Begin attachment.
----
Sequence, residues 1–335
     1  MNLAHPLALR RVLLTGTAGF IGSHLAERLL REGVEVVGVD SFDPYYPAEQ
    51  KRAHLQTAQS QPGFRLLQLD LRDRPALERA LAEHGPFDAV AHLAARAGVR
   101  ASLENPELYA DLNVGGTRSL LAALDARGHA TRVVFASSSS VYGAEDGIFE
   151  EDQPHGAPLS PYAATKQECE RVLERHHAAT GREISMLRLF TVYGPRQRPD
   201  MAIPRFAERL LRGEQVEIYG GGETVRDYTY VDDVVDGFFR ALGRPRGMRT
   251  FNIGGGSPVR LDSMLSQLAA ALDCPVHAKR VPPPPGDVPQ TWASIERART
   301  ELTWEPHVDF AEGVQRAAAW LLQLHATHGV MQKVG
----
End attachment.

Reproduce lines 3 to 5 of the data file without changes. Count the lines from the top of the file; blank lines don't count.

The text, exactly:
    51  KRAHLQTAQS QPGFRLLQLD LRDRPALERA LAEHGPFDAV AHLAARAGVR
   101  ASLENPELYA DLNVGGTRSL LAALDARGHA TRVVFASSSS VYGAEDGIFE
   151  EDQPHGAPLS PYAATKQECE RVLERHHAAT GREISMLRLF TVYGPRQRPD